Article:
Cullen said: My point (assuming that I have one) is that just because the majority is of a Christian faith doesn't mean that Christians aren't being persecuted. Nor are the loudest representative of the whole.

    And like I said, Christians are being persecuted in places (though the Northern Ireland situation has changed somewhat...I seem to recall that even the terrorism has subsided recently), but not in America, nor in mos of the Western world. And this is a prime example of the fact that even where Christians are persecuted in the West, they're still the majority: they're being persecuted by other Christians. And so it comes down to people not being "persecuted because of being Christian (the majority group)," but "persecuted because of belonging to a specific denomination (a minority group)."

    mela said: You have to guess (like Adherents does) to find the good pious people, while the bad ones are rendered as larger than life & thus more painfully obvious.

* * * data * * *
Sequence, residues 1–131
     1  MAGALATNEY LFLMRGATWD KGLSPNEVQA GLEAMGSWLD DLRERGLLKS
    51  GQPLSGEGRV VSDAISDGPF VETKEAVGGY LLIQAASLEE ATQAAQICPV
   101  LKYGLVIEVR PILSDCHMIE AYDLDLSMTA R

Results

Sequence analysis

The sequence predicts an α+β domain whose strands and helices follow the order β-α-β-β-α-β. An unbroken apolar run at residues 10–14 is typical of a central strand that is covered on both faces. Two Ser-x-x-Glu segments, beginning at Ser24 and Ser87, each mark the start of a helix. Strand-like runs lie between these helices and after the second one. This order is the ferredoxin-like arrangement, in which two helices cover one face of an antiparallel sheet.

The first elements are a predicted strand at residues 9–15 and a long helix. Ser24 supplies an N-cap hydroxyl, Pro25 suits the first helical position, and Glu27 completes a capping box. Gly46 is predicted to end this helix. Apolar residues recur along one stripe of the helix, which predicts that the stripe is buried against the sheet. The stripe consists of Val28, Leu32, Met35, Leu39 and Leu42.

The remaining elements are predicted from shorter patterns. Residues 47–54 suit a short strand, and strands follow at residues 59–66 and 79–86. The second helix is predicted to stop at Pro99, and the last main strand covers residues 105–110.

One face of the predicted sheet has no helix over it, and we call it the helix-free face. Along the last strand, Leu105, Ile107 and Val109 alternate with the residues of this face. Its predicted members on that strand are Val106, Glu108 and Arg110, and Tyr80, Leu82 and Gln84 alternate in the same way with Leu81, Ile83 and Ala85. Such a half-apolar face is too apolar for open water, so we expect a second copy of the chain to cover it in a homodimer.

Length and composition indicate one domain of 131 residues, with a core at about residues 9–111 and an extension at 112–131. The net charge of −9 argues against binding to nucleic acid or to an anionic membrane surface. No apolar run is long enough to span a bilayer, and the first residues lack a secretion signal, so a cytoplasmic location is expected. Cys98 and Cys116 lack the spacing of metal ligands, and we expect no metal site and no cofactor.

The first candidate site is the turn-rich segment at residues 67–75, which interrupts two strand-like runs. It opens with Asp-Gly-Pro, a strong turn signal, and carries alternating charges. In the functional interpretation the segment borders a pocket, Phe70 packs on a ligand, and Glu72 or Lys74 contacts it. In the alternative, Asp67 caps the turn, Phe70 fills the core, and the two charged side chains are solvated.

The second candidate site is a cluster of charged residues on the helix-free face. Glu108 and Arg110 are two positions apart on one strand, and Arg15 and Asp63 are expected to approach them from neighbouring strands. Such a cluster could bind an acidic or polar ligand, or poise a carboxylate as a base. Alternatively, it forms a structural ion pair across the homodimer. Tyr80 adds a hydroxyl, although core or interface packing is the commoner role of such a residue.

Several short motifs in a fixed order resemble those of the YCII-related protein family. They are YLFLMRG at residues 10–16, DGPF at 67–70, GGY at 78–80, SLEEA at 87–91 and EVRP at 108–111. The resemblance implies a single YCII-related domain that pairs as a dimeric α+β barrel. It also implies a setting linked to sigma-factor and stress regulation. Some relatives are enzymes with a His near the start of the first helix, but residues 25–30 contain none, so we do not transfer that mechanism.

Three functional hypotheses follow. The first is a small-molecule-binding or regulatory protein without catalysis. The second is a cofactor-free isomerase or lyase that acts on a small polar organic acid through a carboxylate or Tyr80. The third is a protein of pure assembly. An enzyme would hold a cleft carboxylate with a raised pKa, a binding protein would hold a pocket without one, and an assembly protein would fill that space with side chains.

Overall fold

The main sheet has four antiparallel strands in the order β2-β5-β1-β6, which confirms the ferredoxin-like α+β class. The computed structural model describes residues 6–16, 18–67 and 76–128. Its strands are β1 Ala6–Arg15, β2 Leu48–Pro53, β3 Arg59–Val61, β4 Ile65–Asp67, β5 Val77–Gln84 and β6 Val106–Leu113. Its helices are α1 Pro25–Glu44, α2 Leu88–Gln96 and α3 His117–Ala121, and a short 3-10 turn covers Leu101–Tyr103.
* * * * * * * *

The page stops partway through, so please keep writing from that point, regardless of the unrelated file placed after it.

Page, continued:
Is there really that much guesswork? Daredevil, Huntress, and Nightdrawler are all outspoken Catholics. Punisher is a semi-lapsed Catholic. Granted, Catholicism is a subset of Christianity, but that's about equal to the number of outspoken Jewish characters I could name off the top of my head. Given the number of Christmas specials and cross-bearing headstones in comics, I think we can come to some pretty clear conclusions about a lot of non-Catholic Christian characters as well.